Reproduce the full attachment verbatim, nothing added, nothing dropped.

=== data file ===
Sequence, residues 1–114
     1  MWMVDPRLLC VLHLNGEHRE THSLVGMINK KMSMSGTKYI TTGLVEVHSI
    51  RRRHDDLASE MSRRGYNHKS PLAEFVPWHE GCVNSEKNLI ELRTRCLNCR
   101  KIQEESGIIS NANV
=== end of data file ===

Sequence, residues 1–114
     1  MWMVDPRLLC VLHLNGEHRE THSLVGMINK KMSMSGTKYI TTGLVEVHSI
    51  RRRHDDLASE MSRRGYNHKS PLAEFVPWHE GCVNSEKNLI ELRTRCLNCR
   101  KIQEESGIIS NANV